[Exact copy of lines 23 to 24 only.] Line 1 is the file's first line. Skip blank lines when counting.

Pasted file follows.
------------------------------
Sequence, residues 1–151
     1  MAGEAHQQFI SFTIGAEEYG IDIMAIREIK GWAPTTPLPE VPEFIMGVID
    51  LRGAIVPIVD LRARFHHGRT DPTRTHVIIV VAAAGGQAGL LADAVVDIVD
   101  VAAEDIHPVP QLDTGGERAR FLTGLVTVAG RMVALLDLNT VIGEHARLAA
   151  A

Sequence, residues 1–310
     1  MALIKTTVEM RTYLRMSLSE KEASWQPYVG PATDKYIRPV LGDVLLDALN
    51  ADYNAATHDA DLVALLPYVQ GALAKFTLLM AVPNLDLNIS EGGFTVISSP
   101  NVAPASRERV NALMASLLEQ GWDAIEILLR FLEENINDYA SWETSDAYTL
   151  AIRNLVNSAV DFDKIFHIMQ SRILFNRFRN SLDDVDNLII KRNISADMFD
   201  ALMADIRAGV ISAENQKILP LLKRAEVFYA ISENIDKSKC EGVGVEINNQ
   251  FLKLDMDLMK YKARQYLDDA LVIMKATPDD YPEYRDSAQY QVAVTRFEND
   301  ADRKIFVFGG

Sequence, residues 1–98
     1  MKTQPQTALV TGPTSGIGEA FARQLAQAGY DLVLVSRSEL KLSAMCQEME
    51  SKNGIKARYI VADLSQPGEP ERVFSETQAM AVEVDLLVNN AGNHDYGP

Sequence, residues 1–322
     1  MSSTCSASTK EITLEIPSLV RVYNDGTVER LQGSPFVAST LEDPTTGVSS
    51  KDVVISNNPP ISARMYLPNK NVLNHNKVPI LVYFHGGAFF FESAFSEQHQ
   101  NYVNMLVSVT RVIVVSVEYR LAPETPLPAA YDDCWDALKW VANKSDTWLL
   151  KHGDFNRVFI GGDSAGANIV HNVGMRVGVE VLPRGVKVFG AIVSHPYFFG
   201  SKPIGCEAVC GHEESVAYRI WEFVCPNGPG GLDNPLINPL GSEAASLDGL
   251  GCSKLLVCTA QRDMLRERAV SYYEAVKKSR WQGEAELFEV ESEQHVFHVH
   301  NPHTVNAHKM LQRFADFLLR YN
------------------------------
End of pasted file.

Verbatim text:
   251  GCSKLLVCTA QRDMLRERAV SYYEAVKKSR WQGEAELFEV ESEQHVFHVH
   301  NPHTVNAHKM LQRFADFLLR YN